But it didn't come to us that way: we had to learn about it, learn it was available to us (both as a society over the centuries, and then each ourselves personally), and often that came to us not through the music directly but through the many non-musical associations and the characters and the charisma of the players (including composers and conductors) involved. Even the best music in the world needs to be marketed in some way.

Now, that still coincides with the original point that the current approach, that of trying to market Classical (including modern works) in the same way as modern rock/pop music, is obviously failing. What makes the names I mentioned above different from today's pop stars is that their quirks weren't what was being sold.

Stravinsky is a true character, one of the most confusing and unique in the entire history of music, but when his music was being sold to us, though his character was part of the package, it was still the *music* being sold. So too, even Karajan and Bernstein (probably the most marketed conductors of the 20th century, even more so than Stokowski who did indicate what was possible), both would still push the music first, and let their characters (who couldn't be more opposite each other) be the door by which you could discover the music.

That is the difference: there are many times that we are getting the impression that it is the characters being sold to us, not the music, and thus the "money problem" mentioned elsewhere - that the characters today are getting paid a huge sum for being sold, while the music and the rest of the musicians that make it possible are falling behind.
Elaine Fine said…
I grew up around the Boston Symphony because my father was in the orchestra. There was a time, believe it or not, when Boston audiences were more interested in music making than celebrity. The great soloists of the 1960s and 1970s were celebrated because of the way they played or the way they sang. People often went to concerts for the program, and the soloist was a special treat. I remember hearing Serkin (the elder) play Brahms.

There were people who loved the orchestra because they loved the principal wind players. Harold Wright and Sherman Walt, for example, mattered far more than "whomever" was conducting.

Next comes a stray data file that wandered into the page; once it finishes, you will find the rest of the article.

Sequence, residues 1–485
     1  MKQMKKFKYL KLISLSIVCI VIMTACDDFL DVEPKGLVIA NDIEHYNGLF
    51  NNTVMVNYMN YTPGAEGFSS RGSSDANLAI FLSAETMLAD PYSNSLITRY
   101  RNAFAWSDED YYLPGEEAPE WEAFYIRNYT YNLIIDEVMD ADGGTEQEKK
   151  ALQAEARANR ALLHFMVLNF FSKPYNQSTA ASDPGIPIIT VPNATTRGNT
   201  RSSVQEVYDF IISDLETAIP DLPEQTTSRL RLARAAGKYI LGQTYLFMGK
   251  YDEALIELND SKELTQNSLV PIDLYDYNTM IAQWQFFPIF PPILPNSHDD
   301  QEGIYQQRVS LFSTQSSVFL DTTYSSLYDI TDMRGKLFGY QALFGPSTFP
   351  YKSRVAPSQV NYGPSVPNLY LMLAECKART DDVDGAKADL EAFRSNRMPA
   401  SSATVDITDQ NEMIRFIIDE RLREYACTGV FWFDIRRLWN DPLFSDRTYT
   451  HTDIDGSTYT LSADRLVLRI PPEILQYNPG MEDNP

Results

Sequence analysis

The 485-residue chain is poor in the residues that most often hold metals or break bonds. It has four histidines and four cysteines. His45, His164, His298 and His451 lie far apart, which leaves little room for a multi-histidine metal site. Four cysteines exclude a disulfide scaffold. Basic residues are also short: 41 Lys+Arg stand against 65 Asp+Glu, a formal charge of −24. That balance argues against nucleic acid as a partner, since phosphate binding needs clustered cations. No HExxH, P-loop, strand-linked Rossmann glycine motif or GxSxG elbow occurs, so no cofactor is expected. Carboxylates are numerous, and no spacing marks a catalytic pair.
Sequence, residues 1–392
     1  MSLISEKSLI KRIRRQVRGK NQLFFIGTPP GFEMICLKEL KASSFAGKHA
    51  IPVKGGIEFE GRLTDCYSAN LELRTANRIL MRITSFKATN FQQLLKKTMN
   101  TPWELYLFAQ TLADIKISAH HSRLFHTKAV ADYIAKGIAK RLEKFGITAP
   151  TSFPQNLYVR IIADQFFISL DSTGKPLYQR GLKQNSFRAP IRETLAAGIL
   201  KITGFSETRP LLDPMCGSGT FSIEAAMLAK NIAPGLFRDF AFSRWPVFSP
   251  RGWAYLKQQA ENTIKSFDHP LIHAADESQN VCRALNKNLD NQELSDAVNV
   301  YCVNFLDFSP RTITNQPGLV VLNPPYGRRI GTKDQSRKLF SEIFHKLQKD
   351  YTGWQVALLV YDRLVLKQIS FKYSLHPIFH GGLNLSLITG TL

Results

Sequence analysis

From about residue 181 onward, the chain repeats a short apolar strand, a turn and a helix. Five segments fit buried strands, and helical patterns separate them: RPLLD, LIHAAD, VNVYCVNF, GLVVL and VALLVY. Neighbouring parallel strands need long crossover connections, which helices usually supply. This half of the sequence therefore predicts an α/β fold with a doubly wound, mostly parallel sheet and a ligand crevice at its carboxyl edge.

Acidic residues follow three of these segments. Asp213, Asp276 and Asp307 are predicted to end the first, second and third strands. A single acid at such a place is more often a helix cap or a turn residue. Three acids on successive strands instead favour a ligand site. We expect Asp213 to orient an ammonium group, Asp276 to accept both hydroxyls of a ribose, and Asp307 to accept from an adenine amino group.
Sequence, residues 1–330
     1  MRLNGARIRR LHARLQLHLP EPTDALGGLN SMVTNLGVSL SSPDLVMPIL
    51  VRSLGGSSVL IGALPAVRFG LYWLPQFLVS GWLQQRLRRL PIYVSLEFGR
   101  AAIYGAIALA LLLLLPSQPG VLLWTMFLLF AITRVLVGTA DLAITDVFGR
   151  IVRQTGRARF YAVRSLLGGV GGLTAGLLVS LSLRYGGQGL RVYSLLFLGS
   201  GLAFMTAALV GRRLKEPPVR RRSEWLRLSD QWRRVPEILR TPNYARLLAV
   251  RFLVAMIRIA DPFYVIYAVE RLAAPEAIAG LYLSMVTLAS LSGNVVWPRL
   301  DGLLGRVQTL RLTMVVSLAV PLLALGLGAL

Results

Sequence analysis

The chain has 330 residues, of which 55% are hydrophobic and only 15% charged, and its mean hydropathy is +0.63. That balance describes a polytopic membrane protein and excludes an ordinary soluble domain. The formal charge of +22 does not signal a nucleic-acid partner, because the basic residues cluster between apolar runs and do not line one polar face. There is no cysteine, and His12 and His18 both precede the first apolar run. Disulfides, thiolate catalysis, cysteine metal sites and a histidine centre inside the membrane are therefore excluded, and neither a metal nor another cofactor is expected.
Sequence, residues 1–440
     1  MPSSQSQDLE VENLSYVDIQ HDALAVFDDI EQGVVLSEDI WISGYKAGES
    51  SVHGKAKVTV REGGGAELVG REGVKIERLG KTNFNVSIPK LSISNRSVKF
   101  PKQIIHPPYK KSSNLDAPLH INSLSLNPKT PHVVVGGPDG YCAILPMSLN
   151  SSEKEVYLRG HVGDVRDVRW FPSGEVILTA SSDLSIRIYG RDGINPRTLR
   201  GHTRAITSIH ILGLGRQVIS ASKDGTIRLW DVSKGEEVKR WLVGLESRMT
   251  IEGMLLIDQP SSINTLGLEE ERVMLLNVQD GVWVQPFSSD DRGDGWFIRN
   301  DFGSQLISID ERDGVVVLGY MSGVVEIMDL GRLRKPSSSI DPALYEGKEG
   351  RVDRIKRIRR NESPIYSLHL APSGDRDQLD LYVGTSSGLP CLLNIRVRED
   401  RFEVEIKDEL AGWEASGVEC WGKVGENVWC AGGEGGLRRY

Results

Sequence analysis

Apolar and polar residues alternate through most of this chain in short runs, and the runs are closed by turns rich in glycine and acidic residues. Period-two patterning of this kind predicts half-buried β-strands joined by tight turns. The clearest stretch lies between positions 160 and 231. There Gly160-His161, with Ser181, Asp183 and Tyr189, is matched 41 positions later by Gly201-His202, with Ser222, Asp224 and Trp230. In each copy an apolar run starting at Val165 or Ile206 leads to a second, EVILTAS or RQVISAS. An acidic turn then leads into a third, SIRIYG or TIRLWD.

Bernstein may have been heavily marketed (because he exemplified, at least on the surface, the possibilities of celebrity and the popularlizing of orchestral music), but he genuinely made music. He really was a musical giant. For the Boston Symphony his celebrity was worth the price.

Hearing great pianists like Richard Goode and Alfred Brendel play Beethoven or Schubert was always about Beethoven, Schubert, and excellent piano playing. Hearing Elly Ameling sing a recital of art songs was all about singing, not whom she happened to be.

I have known my share of important musicians (important because of what they could do with a phrase, a piece, or a whole concert) who had careers during the time before the great cultural change.

Somehow I equate the change with the beginning of the Regan administration. That's when the culture shifted in America, and the "marketplace" moved to the cultural center. And American attitudes influenced the rest of the world.

Chamber Musicians used to rely solely on managements to get them concerts, and getting taken under the wing of a management used to be the only way of having a career. Having a "career" used to mean that you had lots of concerts to play. Now having a "career" seems to mean something different for all the reasons you mentioned in your post.

For the record, I don't give a fig about a career. I care only about the music.

Joe Shelby said…
There's a reason you might see it in "the Reagan Era".

In 1978, the record industry effectively started its decline. Prior to that, getting into the record business was an instant gold mine.

After a certain point, sometime around the arrival of punk and disco (each at extreme opposites of each other, of course), the state of sales changed, considerably, in the rock/pop world. That was the point where, just like the movie industry with Star Wars, things started the shift to the blockbuster sale being the only thing holding a business together through the slow sales of everything else, was the only way to do business. Everything had to be marketed as the next blockbuster, because one really didn't know the audience (nobody thought punk would become a smash, but there it is) or what they would want (or as in the death of disco, when they would turn).

It was not an instant decline, but a steady one, with the industry fooling itself with more expensive CDs and marketing the "back catalog" (which cost them nothing to do) to the next generation as "Classic Rock". Great for the labels, but bad for new artists and for the classical market as a whole.

But in spite of those resuscitation efforts, the record industry was still failing, and new competition from cable tv (people, stay at home!), and home video sales (people, stay at home!) at into live audiences, then throw in declining sales at the general level (even before modern downloads ate even more), and you reach the current situation.

Now throw in the higher labor costs compared to the 70s, and, well...